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Deron Williams Went Scoreless, and That’s O.K.

USA Today Sports

USA Today Sports


Since Deron Williams‘ 0 point, 0-9 from the field performance in Game 2 against Miami, he’s spent a lot of time being called “overpaid”, “overrated”, and a just plain “bad”.  This isn’t exactly a fair assessment. When we focus on the scoring or the statline alone and come to any of the above conclusions, not only are we dealing with a minute sample size, we’re ignoring very important in-game context.

While he’s certainly capable of better, Williams wasn’t that bad (for what it’s worth, he’s still a good player, too). Juxtaposed with some of Roy Hibbert‘s recent bombed performances, the difference between the two players’ games is night and day. Deron Williams’ Game 2 didn’t involve him being virtually useless on both ends, or involve the committing of mindless fouls. Deron didn’t tumble to the ground each time he tried to gain position, forget how to do basic things like rebound or pass, or have no all-around impact. His prints were on the game, and some of his struggles were very arguably out of his control.

The Miami Heat themselves played a large role, which is nothing new: the Lebron James- era Heat have quietly given opposing point guards massive trouble on a league-wide level. Back in November, I took a look at how much they hindered point guard production: from Stephen Curry to Chris Paul and Russell Westbrook, we can see a dip in FG%, assist totals, and points scored when they are pitted against Miami. Once the Playoffs come around, this is likely to amplify, given Miami’s unique level of heightened aggression.

The reason behind the point guard troubles is largely because Miami loves to trap the ball-handler in the pick-and-roll, and given the Heat’s mobility, size, and aggressiveness, the point guard is often left with no choice but to defer to his teammates:

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Take note of Chris Bosh‘s extraordinary commitment to scouting the pick-and-roll early and dashing out to impede Williams’ movement:

Deron spent a lot of his game passing as a result, and did a very solid job at it. Though the box score may not show it, Deron did a fine job of penetrating and locating teammates — during which he passed up good shots for teammates’ better ones — and posted up to attract the defense:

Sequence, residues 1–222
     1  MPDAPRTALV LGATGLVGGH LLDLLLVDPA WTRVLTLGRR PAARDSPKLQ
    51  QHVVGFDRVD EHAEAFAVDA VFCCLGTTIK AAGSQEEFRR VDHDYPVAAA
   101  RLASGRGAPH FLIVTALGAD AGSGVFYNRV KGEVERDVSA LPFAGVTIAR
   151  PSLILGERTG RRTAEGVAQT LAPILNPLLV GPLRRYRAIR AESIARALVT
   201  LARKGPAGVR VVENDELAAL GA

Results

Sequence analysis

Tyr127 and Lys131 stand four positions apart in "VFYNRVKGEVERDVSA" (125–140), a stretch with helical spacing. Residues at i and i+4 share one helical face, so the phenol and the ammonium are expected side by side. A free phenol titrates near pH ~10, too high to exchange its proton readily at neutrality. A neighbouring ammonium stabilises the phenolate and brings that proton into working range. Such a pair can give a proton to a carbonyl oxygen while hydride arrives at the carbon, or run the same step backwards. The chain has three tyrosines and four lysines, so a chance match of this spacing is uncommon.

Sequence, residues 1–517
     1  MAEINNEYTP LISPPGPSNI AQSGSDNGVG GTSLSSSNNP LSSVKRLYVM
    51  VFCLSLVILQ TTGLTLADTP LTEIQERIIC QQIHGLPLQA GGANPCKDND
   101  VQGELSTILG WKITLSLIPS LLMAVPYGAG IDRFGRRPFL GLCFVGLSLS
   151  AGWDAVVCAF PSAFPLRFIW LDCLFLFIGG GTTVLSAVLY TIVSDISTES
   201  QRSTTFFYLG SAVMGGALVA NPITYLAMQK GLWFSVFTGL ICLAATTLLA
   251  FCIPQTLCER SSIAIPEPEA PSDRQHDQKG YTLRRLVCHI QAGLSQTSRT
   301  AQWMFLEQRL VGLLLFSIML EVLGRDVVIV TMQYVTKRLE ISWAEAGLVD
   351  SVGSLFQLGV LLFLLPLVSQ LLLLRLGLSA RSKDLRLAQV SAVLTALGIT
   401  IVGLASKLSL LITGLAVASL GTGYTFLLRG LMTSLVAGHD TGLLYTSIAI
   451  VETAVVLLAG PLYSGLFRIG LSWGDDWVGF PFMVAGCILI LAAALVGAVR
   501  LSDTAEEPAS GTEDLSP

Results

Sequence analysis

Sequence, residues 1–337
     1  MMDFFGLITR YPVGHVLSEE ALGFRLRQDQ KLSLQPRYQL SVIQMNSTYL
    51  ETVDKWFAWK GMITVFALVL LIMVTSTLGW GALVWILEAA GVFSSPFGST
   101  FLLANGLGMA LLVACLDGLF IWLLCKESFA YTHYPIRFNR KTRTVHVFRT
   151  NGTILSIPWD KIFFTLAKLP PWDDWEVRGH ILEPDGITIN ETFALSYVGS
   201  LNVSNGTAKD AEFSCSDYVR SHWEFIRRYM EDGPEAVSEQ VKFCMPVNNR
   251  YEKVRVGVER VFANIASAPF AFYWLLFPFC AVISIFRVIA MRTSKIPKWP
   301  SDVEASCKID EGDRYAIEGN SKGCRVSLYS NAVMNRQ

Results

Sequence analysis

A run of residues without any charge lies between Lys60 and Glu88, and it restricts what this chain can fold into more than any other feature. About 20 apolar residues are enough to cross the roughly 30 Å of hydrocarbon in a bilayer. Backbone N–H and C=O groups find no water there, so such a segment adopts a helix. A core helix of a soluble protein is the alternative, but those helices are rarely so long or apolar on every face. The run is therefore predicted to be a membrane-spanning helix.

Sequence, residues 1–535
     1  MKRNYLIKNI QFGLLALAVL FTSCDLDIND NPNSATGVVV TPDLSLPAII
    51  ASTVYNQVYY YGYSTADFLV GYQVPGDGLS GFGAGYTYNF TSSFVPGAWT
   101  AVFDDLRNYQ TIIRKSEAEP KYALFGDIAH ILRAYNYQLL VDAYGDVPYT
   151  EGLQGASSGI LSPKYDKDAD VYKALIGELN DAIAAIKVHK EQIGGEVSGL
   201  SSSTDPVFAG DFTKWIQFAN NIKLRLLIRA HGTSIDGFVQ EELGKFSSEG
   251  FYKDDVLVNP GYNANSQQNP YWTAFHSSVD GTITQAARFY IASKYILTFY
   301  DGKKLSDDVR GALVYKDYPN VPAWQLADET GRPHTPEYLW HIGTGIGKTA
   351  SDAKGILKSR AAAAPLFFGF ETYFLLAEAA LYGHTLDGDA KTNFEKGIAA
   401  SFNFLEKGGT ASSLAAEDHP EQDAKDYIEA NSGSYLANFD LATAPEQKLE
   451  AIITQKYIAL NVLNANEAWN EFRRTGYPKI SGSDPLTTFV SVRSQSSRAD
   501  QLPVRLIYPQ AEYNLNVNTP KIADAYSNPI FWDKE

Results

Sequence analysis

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Deron kept busy in other ways, too. Brooklyn loves setting downscreens and backscreens to free up their wing players, who act as the focal point of Brooklyn’s offense. Here, Williams knocked the wind out of Allen with a well-placed screen, giving his teammate an uncontested look at the hoop:

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All in all, Deron Williams was the game’s best passer by a wide margin. He rebounded the ball seven times. He played inspired defense for the most part, pressing up on his player and winding through screens.  He pushed the ball on the break, set screens for his teammates, and looked for shooters who had a hot hand (Teletovic had five three-pointers in the first half). He turned the ball over just twice against a swarming defense. Most importantly, he made good decisions throughout the night. The Nets’ offense stayed on par with Miami’s for the majority of the game despite Deron’s failure to score, which isn’t a coincidence.

Deron Williams’ diminished role on a stacked team means he won’t score as much as he used to. When you add in a defense who is intent on slowing his production, things are only going to look worse from a statistical standpoint. You’d wish Williams would have finished on some of those drives to the rim, or connected on a few of the jumpers that were a tad long or short; you’d hope he would have found a little more room to produce in transition or isolation situations. But Deron Williams played a perfectly acceptable poor game. We’re fickle beings as basketball fans — it’s human nature — but if we also forget to recognize the opposition and consider the minor details, we’re only doing ourselves a disservice.

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